Program targets troubled veterans at magisterial level
A pilot program will expand next month in an effort to keep troubled military veterans on the straight and narrow.
The Magisterial District Judge Diversion program, believed by state officials to be one-of-a-kind to Pennsylvania, is patterned after a program already established in the Court of Common Pleas in 13 Pennsylvania counties, including Northumberland, where incarceration can be avoided through supervised treatment.
The state cites drug and alcohol abuse, anger management and post-traumatic stress disorder as issues that could trigger criminal behavior. The hope is that by intervening in cases handled by the lower courts, veterans in trouble with the law won't find themselves repeating that behavior.
In Pennsylvania and elsewhere, some veterans, particularly those returning from active military and combat areas, are having trouble, said Art Heinz, communications coordinator for the Administrative Office of Pennsylvania Courts (AOPC).
"It's a recognition of clear evidence nationwide ... that their readjustment to life is difficult," he said.
The pilot program began last month in Centre County. It will expand to Monroe and Westmoreland counties beginning New Year's Day.
Hugh A. Jones, magisterial district judge, Mount Carmel, himself a veteran, said he'd be interested in hearing more about the program.
"I'd certainly be willing to be part of this," he said Wednesday.
DA must sign off
The program would allow veterans accused of summary offenses like fighting and public drunkenness to choose supervised treatment instead of judicial punishment.
One caveat: the county's district attorney's office must sign off on the plan.
As long as the six-month treatment period is completed without further trouble, the summary charges would be dismissed. The charge would be restored in the event a veteran fails to complete treatment.
How it's different
The proposed program for the magisterial court system varies from what's in place in Common Pleas Courts. Those programs are generally a minimum of one year, and while successful completion can keep a veteran out of jail, it won't clear his or her record.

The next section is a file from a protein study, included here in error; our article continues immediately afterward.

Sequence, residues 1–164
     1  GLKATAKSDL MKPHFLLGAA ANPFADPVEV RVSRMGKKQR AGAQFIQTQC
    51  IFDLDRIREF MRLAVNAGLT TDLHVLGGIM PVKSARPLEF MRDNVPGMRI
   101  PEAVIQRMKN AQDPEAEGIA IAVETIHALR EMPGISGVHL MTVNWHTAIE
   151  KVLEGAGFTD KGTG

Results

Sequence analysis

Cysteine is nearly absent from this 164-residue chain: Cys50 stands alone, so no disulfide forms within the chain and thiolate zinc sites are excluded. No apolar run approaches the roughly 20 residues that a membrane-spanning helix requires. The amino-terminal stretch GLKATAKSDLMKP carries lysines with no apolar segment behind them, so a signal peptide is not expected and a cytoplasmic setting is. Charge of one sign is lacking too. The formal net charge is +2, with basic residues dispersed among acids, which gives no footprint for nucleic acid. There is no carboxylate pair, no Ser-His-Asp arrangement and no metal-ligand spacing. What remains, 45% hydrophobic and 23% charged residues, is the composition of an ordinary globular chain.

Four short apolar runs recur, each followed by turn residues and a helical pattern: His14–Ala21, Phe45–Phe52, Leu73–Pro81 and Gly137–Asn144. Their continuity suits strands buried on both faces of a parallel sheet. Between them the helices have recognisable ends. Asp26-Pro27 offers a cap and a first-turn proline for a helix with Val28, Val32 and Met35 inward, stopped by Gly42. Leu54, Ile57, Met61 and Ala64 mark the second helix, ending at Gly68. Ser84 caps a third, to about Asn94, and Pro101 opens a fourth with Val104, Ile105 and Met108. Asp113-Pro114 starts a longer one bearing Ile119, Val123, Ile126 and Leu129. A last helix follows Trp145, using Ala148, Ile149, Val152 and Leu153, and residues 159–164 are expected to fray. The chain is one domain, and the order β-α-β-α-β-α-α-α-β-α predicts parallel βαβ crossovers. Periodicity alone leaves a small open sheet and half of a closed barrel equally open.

"We can't just remove felony charges," said Noel Jones, coordinator of Northumberland County's five treatment courts, including the one for veterans.
He said the county's veterans court consists of three phases: three months concentrating on the individual through counseling, three months of continued counseling focused on mending strained familial and personal relationships, and six months capitalizing on successful counseling by finding employment and re-establishing the veteran in the community.
Once they graduate, supervision - which includes biweekly visits to the county courthouse - is eased, although participants must continue to comply with any court-ordered probation.
The county program is buoyed by support from the Veterans Administration, which offsets cost by providing counseling and related services. It has also lent its support to the state pilot program.
AOPC reports there are more than 1 million veterans in Pennsylvania. Noel Jones estimates 10 to 12 percent of Northumberland County's approximately 94,500 residents are military veterans. He applied the same percentage estimate to the county's prison population.
So far, so good
Established in October 2011, Northumberland County's first four veterans court participants graduated during a ceremony last month.
There are currently 12 veterans enrolled in the county, all of whom are supervised by a single probation officer. If enrollment tops 25, the caseload would be split among two probation officers, Noel Jones said.
So far, so good, he said.
"We have not had an instance yet where we had to reincarcerate someone from veterans court," he said.
The Magisterial District Judge Diversion program will be monitored continually, Heinz said, and there is no deadline to end the pilot program or determine its merits. He also was unaware of any specific benchmarks that are sought to determine success or failure, and if or when it would be implemented statewide.